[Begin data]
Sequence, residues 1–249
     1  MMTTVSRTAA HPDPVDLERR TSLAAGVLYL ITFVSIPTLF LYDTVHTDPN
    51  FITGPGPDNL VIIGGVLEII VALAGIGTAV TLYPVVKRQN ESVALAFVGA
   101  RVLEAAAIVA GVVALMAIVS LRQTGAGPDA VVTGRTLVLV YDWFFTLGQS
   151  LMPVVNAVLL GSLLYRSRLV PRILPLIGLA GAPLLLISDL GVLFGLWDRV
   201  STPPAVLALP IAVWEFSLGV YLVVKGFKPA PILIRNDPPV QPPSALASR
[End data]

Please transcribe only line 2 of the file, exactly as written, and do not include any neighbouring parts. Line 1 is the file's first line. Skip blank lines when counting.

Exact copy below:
     1  MMTTVSRTAA HPDPVDLERR TSLAAGVLYL ITFVSIPTLF LYDTVHTDPN